The best "authentic and inauthentic Chinese food" you'll find around Oakhurst Why did it take so long for an Atlanta Chinese restaurant to be named after one of the greatest low-bit arcade games ever? Did you forget that the two main characters in the beat-’em-up game were named Billy and Jimmy Lee, as if that doesn’t sound country as hell? Never mind the failings of the past; get to DD and enjoy local, seasonal, and sustainable meats and produce in the form of some of your standard favorites, as well as a few things you might find unfamiliar. Start with Chinese boiled peanuts (which being in Georgia, you should dig), and don’t leave out the pan-fried pork or chicken dumplings before you get into General Tso’s, shredded moo shu pork, honey-walnut Georgia shrimp and broccoli, or specials like spicy Sichuan white fish.
Your new soul food staple from chef Darius Williams Chef Darius Williams is a force on social media and in the celebrity chef world. He also had the foresight to place a restaurant with a can’t-fail name in a historically African-American neighborhood currently being revitalized by the Southwest BeltLine and other new construction. It’s certainly up-kicked, creatively imagined soul food, which you’ll know when you bite into the lemon pepper honey fried chicken, or the banana pudding (or peach cobbler) waffle, or the sweet potato grits, or the watermelon chow chow. Oh, there’s no alcohol, so keep that in mind. You’ll probably be so full after dinner or brunch that you won’t mind. OK, that’s a lie, but it’s still amazingly good.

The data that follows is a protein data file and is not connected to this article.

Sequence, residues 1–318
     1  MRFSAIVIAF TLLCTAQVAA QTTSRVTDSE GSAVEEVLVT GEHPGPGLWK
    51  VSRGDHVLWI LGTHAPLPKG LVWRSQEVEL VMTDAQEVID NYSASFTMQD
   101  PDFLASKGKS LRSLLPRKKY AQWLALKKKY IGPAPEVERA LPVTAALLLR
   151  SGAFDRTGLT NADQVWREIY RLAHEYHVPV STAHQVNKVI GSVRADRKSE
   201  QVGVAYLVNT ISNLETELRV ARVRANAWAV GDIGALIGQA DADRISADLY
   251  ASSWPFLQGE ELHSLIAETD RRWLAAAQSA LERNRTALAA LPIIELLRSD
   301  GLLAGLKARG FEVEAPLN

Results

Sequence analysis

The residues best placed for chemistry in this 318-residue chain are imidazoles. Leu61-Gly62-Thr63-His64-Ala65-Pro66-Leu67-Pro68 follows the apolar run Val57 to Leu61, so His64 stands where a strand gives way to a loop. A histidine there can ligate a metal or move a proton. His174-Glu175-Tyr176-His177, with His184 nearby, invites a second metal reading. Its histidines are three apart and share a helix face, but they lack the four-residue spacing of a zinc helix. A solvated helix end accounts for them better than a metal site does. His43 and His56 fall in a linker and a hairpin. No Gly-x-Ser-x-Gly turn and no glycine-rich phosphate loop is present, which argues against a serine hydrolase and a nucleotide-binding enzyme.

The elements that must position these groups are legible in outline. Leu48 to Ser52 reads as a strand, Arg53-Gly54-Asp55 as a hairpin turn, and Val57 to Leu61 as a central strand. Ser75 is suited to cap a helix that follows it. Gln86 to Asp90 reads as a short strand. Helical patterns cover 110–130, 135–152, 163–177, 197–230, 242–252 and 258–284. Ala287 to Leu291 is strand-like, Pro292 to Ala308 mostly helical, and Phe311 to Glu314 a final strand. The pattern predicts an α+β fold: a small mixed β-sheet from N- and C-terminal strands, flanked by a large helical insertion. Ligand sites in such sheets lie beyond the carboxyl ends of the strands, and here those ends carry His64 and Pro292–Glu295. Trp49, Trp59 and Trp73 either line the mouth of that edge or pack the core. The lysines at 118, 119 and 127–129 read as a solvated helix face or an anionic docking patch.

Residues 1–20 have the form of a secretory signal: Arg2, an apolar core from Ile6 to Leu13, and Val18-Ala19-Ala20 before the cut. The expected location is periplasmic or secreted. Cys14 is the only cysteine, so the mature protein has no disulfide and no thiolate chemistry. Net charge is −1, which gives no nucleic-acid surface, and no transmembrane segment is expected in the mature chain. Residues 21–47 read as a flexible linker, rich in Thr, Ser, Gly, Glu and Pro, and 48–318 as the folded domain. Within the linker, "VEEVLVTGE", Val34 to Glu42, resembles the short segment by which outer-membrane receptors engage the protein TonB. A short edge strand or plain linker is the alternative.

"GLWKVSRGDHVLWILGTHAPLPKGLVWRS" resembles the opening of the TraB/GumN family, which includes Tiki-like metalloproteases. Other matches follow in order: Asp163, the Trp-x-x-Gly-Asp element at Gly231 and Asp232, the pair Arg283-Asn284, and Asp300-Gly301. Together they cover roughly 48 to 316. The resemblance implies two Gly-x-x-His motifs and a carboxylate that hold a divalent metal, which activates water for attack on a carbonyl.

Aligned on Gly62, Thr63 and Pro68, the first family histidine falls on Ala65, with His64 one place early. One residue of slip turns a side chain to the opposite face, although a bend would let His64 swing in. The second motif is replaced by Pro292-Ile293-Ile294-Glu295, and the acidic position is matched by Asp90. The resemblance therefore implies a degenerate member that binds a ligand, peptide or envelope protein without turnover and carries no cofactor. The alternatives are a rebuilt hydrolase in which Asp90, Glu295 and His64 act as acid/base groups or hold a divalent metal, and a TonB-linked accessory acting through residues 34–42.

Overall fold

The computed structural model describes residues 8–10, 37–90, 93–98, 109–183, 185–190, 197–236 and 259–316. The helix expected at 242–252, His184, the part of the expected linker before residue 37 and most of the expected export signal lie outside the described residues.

In a sea of restaurants, C. Ellet's and their steaks stand out as the best in SunTrust Park Not to be outdone by Arthur Blank (with the tiny exception of personal net worth), Linton Hopkins opened a steakhouse in the new home of the Braves, and named it after his great-grandfather, a US Army Corps engineer who died from a gunshot wound after fighting alongside the Union Army in the Battle of Memphis. Hopkins went all out on beef, sourcing his from farms in Nebraska, Georgia, Iowa, Kansas, Alabama, and wherever else he can source the very best bovine meats. The fresh seafood and daily rotating oyster selection are also major league draws, and the burger will be more of a steakhouse format than the all-American diner version you get at Holeman and Finch. It’s easily the best restaurant in the ballpark, but it also gives every other steakhouse in town a run for the plate.